Morocco’s response to French aid after the earthquake

Following the recent devastating earthquake, Morocco has declined France’s offer of aid. This blog explores how this refusal can be best understood.

Why does Pakistan support Islamist groups in Afghanistan?

This blog offers a fresh perspective on Pakistan’s backing of Afghan Islamist groups, such as the Taliban, despite their refusal to accept the Durand Line as a recognised international border between Pakistan and Afghanistan.

Ungovernable or humanitarian experimentation? Generative AI as an accountability issue

This blog discuss the type of accountability challenges generative AI, such as Chat GPT, represents for humanitarian governance.

Examining the ethics of humanitarian mediation

Examining ethical questions around humanitarian mediation, this blog urges a confident engagement with politics that can show solidarity with the most vulnerable yet retain access to a meaningful discussion with power.

NCHS conversation: Gemma Sou

In this NCHS Conversation, Development Geographer, Gemma Sou discusses her research on adaptation and recovery strategies of low-income families across Latin American and the Caribbean following climate related disasters.

Taking stock: Generative AI, humanitarian action and the aid worker

Is AI set to disrupt global humanitarian action? This blog explores the broader implications of evolving AI for humanitarian action, aid work and aid workers.

AI in aid: Framing conversations on humanitarian policy

This blog identifies a problematic lack of engagement with AI in the humanitarian strategies of donor countries and offers a set of pointers for framing conversations on AI in aid policy.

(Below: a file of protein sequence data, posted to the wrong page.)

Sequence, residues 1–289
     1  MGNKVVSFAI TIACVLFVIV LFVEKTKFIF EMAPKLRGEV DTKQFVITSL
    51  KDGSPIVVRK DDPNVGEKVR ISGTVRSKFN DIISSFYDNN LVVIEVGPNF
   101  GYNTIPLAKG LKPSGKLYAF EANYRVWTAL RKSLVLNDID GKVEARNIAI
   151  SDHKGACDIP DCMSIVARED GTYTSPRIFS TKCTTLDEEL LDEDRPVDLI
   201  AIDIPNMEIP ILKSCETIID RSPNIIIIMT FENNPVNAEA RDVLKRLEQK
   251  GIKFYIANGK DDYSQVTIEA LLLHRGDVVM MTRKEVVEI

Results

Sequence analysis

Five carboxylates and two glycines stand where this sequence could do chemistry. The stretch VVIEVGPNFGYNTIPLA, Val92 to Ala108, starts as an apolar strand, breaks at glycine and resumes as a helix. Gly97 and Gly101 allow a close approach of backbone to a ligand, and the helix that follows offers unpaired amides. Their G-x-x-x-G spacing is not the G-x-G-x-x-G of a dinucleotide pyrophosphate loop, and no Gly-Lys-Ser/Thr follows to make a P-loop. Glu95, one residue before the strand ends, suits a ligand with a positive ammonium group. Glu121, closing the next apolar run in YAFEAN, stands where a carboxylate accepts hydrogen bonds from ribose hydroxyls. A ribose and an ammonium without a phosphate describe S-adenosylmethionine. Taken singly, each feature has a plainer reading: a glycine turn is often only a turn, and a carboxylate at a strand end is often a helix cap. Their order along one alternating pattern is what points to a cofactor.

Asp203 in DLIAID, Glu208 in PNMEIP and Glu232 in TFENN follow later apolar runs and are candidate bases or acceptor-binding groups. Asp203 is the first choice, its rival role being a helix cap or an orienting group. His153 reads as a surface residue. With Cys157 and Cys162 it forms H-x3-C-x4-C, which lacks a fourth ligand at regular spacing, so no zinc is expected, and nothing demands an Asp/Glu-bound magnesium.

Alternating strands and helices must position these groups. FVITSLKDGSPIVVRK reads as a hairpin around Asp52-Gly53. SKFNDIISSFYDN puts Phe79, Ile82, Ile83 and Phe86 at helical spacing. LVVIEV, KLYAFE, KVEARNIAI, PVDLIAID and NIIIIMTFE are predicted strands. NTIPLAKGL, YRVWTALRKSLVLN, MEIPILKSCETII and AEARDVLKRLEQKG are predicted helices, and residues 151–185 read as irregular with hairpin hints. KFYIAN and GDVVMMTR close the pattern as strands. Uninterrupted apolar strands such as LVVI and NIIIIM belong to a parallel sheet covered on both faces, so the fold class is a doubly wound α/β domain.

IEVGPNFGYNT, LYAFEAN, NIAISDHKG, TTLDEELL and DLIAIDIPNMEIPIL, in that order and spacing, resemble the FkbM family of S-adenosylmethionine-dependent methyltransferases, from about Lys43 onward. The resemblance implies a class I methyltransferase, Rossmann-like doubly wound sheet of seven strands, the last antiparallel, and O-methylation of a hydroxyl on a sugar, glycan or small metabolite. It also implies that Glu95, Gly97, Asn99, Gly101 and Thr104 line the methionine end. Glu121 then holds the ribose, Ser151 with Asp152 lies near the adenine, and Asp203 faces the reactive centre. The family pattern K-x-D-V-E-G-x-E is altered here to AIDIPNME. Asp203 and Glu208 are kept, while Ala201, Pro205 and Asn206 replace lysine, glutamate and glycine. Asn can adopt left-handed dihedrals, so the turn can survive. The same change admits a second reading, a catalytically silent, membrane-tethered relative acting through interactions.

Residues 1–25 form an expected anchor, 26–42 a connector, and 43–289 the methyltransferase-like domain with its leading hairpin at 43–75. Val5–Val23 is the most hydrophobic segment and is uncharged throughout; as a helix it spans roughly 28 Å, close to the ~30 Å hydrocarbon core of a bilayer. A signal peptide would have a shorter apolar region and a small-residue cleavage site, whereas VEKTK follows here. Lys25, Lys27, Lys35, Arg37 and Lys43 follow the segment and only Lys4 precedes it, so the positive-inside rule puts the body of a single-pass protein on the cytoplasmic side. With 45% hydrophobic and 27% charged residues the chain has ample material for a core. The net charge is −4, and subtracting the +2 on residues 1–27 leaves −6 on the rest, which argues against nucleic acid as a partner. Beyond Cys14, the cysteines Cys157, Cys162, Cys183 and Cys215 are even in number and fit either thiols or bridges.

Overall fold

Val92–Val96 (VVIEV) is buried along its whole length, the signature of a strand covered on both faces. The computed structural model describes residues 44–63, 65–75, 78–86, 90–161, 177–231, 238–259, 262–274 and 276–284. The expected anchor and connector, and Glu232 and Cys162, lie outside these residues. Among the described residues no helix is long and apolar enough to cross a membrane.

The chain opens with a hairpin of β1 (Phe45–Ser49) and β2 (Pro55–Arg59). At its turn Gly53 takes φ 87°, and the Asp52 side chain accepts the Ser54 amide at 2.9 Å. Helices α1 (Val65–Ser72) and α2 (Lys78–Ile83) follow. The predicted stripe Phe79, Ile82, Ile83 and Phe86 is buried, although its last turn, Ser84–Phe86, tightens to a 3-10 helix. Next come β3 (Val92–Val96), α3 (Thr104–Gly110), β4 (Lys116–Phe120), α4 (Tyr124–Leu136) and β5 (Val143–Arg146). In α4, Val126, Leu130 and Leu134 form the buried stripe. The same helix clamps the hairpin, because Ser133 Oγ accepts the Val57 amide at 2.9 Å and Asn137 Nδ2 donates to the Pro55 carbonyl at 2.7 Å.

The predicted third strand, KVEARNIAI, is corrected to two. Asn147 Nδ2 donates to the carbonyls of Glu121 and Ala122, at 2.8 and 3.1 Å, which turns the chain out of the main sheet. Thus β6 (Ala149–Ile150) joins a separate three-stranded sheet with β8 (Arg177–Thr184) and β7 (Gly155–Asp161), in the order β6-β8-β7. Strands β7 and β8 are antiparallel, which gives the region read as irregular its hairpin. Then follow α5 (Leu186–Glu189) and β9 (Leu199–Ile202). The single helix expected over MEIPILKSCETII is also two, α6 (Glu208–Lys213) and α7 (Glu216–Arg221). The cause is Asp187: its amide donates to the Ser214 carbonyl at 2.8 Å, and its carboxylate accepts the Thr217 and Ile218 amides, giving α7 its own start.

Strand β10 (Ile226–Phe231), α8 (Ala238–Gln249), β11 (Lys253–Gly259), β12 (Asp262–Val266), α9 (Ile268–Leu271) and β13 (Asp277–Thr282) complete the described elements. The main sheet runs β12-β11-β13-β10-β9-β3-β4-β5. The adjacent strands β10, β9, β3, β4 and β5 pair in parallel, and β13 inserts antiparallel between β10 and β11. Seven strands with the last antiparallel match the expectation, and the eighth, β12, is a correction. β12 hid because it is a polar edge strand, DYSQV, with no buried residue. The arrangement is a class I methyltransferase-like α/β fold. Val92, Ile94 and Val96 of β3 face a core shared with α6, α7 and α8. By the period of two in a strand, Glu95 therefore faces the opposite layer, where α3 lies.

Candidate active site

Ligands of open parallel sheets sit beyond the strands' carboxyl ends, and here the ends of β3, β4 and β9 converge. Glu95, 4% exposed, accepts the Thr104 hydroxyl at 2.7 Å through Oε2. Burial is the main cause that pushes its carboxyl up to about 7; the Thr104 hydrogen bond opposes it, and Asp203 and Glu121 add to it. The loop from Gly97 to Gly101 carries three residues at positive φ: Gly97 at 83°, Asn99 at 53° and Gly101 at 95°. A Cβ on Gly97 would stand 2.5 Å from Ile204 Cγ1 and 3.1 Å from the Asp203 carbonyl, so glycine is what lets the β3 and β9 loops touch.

Ukrainian refugee pets: Perspectives from the classroom

This blog post offers reflections on the reception and care of Ukrainian refugee pets and the complex tensions and ethical issues this raises for refugee management more broadly.

Engagement and disengagement

This blog builds on a recent roundtable examining red lines in humanitarian negotiations, and continues the exploration of the humanitarian relationship with politics and power. By casting a fresh gaze on humanitarian principles, and recognising the social and political agency of humanitarian action, it identifies a place for both cooperation and challenge.

Governance and survival after the earthquake

The tragic earthquake that struck Turkey and Syria in February has been labelled the region’s “worst natural disaster” in 100 years. This blog explores the governance and political complexities of humanitarian assistance in responding to the disaster.

NCHS Conversation: Julia Morris

In this NCHS Conversation, Julia Morris (University of North Carolina Wilmington), discusses the increased outsourcing of asylum to private corporations and the concept of ‘refugee extractivism’.

NCHS Conversation: Sally Becker

In this NCHS Conversation, humanitarian aid worker Sally Becker discusses contemporary challenges in humanitarian response, as well as how technology can assist in the delivery of humanitarian assistance.

Submit your blog

Submit your blog

We welcome your contributions to the NCHS blog. Please review our blog guidelines below before submitting your blog using this form. While this blog is hosted by the NCHS, the views expressed by individual authors are their own and must not be interpreted as the position of the NCHS.